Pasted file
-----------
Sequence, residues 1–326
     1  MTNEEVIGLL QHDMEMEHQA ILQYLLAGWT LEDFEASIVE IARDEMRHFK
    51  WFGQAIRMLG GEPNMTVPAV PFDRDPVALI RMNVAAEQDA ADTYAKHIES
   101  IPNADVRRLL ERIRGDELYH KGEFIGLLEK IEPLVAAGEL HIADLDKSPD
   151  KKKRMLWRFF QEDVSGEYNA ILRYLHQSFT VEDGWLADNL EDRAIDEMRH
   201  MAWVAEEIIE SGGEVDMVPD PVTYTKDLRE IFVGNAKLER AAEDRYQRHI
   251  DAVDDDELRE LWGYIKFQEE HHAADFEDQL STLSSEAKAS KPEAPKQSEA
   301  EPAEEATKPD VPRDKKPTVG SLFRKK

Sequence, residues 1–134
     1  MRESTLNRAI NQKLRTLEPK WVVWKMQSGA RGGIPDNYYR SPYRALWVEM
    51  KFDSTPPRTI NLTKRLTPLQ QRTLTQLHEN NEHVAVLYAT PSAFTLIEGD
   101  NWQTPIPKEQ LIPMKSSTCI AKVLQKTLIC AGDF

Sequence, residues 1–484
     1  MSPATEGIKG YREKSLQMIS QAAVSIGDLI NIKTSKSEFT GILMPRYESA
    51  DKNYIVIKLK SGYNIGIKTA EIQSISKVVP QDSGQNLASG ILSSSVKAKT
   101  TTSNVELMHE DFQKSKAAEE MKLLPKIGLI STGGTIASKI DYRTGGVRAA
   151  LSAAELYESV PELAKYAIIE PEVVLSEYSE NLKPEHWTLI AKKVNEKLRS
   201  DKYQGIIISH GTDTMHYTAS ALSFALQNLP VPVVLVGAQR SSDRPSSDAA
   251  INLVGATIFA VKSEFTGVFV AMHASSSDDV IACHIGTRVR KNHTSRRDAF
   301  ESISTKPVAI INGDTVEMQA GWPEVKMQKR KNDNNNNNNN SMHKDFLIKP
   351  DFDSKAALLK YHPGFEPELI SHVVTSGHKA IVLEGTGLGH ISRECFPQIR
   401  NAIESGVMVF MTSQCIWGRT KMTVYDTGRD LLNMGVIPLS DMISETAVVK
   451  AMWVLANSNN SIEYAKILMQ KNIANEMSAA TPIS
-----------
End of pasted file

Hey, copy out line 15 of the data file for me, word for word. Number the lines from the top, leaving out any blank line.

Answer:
    51  DKNYIVIKLK SGYNIGIKTA EIQSISKVVP QDSGQNLASG ILSSSVKAKT